A company in Drohobych became the first in Ukraine to launch production of mushrooms compliant with European requirements.
Tvoye Misto continues a series of stories about development opportunities for small and medium-sized businesses in the Lviv region. After the stories about the farm producing elite cheese varieties and the factory producing shoes for European markets, the third story is about Borovyk, an enterprise supplying fresh mushrooms to the largest supermarket chains in Ukraine and planning to conquer the EU market. The enterprise’s cofounder Myron Turchyn speaks about how a magazine article and Dutch experts helped them launch the business, how product requirements are different in Ukraine and the EU, and why Ukrainian mushrooms are more competitive than those grown in Europe.
“Everything has begun back when I was working as a bank director in Drohobych. I read an article in some business magazine in my favorite column “Turnkey Business“ about mushroom growing, and this article has inspired me. I love to gather mushrooms since I was a child, so I decided to turn my hobby into an enterprise,” Myron Turchyn says.
He shared this idea with his brother, and in 2002 they established a family business, the company called “Borovyk”. They bought the first production site in Boryslav, setting up a three-chamber mushroom growing facility there. Later on, Myron Turchyn met an honorary Dutch consul at a trade fair, who offered him the services of Dutch experts in setting up production processes.
“Joga Malensinga came to our production facility. According to a special exchange program, the Dutch party pays consultation fees and we pick up accommodation and meal costs. Having analyzed our performance over the course of two weeks, he concluded that our company requires modernization of production processes. That was true, because before that, we never saw how they grow mushrooms abroad and how this business operates there in general,” Myron Turchyn says.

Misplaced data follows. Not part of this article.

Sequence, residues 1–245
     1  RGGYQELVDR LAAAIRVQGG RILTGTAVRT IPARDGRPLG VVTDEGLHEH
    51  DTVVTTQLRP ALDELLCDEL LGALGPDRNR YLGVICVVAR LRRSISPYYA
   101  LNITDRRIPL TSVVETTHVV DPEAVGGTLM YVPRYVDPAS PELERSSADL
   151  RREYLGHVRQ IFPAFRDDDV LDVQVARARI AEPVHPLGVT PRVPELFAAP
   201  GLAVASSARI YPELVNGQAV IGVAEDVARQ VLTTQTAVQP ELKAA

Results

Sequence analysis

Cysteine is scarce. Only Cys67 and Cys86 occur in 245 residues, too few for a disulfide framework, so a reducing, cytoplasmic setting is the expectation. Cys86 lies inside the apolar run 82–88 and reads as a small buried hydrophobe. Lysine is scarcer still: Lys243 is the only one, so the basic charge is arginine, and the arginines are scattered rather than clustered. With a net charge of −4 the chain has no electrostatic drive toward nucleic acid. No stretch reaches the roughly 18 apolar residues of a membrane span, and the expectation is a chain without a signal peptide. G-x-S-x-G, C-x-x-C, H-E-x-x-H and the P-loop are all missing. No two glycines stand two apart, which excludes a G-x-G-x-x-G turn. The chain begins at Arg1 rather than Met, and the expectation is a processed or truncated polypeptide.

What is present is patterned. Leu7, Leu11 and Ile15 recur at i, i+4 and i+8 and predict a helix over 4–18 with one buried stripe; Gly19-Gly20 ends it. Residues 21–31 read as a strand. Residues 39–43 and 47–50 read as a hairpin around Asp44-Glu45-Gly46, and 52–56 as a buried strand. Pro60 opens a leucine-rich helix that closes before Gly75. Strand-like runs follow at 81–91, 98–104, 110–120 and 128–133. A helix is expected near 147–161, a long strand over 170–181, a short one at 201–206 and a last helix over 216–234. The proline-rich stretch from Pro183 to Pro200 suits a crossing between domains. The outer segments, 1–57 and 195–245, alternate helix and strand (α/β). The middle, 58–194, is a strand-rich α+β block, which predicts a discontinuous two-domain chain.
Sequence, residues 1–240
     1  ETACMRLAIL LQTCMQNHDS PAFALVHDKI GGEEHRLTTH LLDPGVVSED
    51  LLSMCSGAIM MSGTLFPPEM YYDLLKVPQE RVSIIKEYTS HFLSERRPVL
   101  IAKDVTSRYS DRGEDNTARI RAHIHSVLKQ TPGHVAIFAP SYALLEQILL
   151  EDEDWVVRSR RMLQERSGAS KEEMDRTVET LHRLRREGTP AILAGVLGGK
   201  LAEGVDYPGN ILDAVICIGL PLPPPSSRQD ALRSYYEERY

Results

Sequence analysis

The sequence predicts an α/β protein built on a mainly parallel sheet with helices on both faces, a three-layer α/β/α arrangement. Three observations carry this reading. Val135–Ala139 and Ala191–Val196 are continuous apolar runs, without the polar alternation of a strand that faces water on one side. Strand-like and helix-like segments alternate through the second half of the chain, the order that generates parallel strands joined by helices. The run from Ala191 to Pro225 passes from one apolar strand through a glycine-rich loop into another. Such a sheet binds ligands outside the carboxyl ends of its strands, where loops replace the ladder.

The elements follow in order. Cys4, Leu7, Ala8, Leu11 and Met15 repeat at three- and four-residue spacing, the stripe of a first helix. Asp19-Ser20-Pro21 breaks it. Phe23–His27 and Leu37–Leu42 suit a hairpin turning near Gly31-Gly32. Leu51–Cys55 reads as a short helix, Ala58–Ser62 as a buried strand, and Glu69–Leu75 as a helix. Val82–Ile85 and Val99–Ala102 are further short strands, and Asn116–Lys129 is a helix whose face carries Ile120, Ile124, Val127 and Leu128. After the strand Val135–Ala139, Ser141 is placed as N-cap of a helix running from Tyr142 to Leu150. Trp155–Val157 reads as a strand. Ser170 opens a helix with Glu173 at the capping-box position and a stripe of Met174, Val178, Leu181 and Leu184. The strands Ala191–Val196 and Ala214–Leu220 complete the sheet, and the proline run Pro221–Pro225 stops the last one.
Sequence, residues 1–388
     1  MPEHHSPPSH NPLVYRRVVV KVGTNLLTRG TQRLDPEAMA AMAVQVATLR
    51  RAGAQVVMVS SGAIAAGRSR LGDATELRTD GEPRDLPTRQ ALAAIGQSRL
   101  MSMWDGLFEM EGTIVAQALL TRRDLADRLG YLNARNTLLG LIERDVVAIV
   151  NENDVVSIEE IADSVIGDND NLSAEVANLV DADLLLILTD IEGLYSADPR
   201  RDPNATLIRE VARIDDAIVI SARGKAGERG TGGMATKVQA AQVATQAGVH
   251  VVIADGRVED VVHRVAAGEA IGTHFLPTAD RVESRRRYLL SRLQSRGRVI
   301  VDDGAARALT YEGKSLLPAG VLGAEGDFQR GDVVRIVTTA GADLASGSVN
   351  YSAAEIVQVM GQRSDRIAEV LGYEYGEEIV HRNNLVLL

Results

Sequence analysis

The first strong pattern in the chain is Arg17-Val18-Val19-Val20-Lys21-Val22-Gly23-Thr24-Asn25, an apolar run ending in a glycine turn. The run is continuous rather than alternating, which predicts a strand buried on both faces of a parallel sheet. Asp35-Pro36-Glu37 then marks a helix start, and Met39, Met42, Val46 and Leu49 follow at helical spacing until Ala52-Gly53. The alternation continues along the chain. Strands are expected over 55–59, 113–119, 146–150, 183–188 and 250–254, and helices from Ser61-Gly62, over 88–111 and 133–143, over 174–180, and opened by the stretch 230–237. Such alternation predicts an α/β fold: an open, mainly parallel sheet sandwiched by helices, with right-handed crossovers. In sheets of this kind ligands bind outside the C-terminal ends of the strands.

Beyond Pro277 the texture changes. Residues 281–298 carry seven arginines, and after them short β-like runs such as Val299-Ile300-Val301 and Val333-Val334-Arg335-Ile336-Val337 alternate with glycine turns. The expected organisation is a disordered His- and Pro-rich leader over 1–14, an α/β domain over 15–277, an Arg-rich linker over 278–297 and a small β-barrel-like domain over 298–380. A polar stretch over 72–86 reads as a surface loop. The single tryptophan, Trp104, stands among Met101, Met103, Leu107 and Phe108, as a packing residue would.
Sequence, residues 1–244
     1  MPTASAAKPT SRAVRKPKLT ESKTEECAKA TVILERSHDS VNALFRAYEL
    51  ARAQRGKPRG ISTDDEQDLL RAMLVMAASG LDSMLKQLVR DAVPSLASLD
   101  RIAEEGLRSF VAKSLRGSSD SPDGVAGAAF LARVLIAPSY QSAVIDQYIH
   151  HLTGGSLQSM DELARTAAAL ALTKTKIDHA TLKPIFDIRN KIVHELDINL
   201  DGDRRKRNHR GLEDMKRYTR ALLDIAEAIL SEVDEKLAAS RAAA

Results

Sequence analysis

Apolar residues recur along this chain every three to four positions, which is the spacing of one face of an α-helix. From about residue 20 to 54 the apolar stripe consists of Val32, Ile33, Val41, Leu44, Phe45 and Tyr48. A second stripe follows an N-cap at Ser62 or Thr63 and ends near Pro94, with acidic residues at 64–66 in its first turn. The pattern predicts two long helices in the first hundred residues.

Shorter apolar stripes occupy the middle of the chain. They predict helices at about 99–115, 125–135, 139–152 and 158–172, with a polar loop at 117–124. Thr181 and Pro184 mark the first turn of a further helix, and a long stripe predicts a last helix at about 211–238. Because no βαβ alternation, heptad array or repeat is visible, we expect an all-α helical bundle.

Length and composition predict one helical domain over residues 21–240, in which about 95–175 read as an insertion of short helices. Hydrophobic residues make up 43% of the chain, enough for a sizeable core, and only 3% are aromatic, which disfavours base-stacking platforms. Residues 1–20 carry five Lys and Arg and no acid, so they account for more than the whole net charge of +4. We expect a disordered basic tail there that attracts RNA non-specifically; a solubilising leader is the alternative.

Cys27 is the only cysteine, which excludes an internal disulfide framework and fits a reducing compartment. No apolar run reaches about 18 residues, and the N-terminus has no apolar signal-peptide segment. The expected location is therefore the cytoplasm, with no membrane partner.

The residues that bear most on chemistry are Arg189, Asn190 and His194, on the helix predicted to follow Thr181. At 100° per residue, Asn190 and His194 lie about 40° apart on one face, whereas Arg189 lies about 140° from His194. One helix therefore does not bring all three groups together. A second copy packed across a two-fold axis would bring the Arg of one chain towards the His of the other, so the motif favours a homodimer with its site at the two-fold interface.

The Dutch expert invited the Ukrainian entrepreneurs to the Netherlands, where he arranged visits to mushroom growing enterprises. That prompted the Ukrainians to buy another facility and the necessary equipment.
Today, Borovyk produces approximately 100 tons of fresh table mushrooms per month plus dried, packaged and canned mushrooms. The enterprise also produces canned porcinis, chanterelles, honey fungi and milk-caps. For that purpose, they have 16 production facilities with 5 thousand square meters of growing space, a canning shop and a drying shop. Borovyk’s fresh mushrooms are ordered by the largest Ukrainian retail chains: METRO, Silpo, Auchan, Fourchet, Arsen, Rukavychka, Lvivkholod. Among the enterprise’s customers is also Nestlé, which adds dried mushrooms from the Lviv region to its sauces and foods marketed under the Mivina brand. Mushrooms from the Lviv region are also present in Rolton pasta and Komo processed cheese. In addition, the company has small buyers in Odesa, Kharkiv and Dnipro specializing in production of spices.
“We were the first “mushroom” enterprise in Ukraine to receive and implement an international system of hazard analysis and critical control points, or НАССР. All our products come with an international ISO 22000 certificate. Presently, there is only one other company besides us in the mushroom market of Western Ukraine that has European conformity certificates – РІО,” Myron Turchyn says.